Sorry, too late. You had your chance last weekend at the huge Elvis memorabilia auction in Beverly Hills, CA. They even gave it a fancy name: The Elvis Empire Auction. Everything up for bid came from the private collection of superfan Jim Curtain, and it cleared him over $2 Million. This interesting man deserves an Elvisblog article in a week or so, but space today permits only a discussion of the items up for sale.
Regency-Superior, the auction company, has a website which as of this moment still contains pictures and descriptions of all 1213 lots and the expected range the bidding would reach for each. Surely, at some point, they will end this link to a completed auction, so if you would like a look at all the Elvis goodies Jim Curtain amassed, don’t wait too long to click on: www.liveauctioneers.com/catalogs/8507-50.html.
And be prepared to spend a lot of time as you scroll down through the incredible selection of Elvis memorabilia. You will be tempted to click on many of the items to see a much larger picture. Even better, there are detailed descriptions of each item written in a pleasant conversational manner. You will be tempted to spend hours on the site. I sure did.
On the very first page you will find the two Elvis jumpsuits that were sold. Have you ever heard of the “Nail Mirror Suit,” so named for the 1500 brass and mirror disks that adorn this creation? It had an estimate of $250-300,000 but went for a mere $125,000. The other jumpsuit is a two-piece dark blue outfit that I don’t think I have ever seen in photos before. I’m not sure why, but the estimate was much less at just $150-200,000, and it sold for only $50,000.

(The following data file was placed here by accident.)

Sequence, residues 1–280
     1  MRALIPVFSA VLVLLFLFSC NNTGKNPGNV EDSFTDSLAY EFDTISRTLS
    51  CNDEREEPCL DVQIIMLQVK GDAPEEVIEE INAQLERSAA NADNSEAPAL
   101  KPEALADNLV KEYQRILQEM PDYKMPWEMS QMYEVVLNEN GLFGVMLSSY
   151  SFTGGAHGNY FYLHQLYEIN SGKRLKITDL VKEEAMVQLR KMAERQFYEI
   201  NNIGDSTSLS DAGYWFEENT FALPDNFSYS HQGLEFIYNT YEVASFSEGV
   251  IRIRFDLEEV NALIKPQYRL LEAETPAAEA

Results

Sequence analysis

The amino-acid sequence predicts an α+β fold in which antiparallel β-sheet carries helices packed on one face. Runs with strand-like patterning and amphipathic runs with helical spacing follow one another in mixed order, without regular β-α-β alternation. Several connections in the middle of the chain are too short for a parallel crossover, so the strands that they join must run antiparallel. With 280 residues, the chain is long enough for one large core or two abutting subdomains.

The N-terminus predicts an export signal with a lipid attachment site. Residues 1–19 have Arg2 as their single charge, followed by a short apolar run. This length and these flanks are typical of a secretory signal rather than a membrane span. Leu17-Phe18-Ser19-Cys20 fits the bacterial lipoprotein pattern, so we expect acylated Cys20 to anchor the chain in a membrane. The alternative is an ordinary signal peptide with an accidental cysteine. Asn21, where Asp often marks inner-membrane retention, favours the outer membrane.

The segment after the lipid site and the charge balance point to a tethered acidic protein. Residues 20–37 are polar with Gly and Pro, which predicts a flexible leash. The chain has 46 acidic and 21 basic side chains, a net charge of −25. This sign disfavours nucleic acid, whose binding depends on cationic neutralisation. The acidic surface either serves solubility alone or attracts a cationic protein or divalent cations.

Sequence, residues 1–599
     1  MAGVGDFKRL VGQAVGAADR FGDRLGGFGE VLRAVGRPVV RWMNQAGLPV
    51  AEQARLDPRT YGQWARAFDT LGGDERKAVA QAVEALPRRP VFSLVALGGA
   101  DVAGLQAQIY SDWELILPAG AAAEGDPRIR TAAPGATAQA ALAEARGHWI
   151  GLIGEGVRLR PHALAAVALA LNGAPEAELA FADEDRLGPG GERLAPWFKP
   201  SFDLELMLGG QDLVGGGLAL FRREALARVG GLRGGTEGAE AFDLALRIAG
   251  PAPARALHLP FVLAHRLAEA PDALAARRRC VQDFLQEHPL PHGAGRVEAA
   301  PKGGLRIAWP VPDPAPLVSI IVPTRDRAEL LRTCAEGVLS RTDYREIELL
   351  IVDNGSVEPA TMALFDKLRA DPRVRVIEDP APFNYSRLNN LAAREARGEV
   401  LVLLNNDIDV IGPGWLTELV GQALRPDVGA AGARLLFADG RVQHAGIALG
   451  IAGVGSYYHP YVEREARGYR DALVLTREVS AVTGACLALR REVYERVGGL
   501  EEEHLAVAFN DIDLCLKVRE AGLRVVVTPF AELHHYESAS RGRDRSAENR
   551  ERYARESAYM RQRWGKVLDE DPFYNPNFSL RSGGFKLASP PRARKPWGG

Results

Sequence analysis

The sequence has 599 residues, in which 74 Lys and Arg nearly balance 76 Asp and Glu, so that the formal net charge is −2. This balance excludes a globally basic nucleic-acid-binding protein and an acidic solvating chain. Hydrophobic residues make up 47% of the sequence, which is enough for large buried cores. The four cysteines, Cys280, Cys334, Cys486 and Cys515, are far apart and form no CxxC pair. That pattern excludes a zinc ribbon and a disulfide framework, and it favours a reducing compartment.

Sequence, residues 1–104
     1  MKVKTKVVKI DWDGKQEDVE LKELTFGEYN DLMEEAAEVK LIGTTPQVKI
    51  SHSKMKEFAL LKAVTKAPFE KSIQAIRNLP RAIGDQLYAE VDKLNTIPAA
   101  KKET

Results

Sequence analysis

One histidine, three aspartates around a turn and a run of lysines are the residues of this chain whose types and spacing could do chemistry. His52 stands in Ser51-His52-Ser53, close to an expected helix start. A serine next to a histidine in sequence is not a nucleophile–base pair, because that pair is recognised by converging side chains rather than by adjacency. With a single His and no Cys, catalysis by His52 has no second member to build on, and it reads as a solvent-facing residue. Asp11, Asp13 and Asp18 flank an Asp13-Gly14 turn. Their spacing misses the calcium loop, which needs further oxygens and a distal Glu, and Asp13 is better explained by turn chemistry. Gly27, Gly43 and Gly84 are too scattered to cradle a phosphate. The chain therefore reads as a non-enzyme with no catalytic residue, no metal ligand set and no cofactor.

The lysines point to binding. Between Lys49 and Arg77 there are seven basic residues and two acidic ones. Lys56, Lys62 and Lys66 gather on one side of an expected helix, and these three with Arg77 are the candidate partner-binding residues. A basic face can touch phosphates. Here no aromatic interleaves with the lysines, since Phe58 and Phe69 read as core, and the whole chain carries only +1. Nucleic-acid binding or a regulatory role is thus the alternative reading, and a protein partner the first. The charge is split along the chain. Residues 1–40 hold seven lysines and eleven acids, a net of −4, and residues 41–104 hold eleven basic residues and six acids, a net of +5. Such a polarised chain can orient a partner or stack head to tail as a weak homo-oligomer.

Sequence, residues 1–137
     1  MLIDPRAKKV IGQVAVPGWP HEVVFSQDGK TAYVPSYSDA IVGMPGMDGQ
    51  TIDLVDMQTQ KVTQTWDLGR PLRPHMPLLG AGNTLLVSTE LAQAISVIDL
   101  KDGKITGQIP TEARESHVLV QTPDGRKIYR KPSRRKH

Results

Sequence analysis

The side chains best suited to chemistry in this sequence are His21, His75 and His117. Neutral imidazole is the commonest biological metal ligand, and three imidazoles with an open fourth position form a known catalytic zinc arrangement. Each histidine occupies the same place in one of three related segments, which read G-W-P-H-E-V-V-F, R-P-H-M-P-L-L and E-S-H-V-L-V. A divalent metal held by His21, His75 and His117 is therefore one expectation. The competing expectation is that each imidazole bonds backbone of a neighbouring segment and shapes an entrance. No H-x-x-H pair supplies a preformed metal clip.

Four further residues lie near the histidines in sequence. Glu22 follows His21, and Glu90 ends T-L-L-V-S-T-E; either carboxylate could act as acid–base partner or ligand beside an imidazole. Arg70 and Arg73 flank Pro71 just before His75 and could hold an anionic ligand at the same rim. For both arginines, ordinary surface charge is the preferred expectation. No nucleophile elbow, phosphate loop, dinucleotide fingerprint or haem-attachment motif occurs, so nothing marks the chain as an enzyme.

News reports gave the selling price of just one other item: two ticket stubs from the October 28, 1956 Ed Sullivan Show, Elvis’ second appearance on the program. They are nicely displayed in a frame with a background picture of Ed Sullivan (but not Elvis) on stage. They went for $19,000. Wow! If I had that kind of money, I’d spend it on some stuff autographed by Elvis. The auction included all sorts of things signed by him, and the estimates ranged from $500 to $2000.
One reason I spent so much time on the auction website is because I was hoping it included a bootleg Elvis album I own: “The Burbank Sessions.” This is the audio recording from the famous unplugged pit session of the ’68 Comeback Special, and I have never known what it’s worth. The good news is that it was there and estimated at $450-500. The bad news is that I have only Vol. 1 of a 2-volume set, it is not still sealed, and it no longer contains the bonus souvenir book. Oh, well.
One last note. As you scroll down through the Elvis records, you might think it is just records from there to the end because there are a ton of them. Wrong. If you don’t scroll on past the records, you will miss a lot of cool items.
© 2006 Philip R Arnold www.elvisblog.net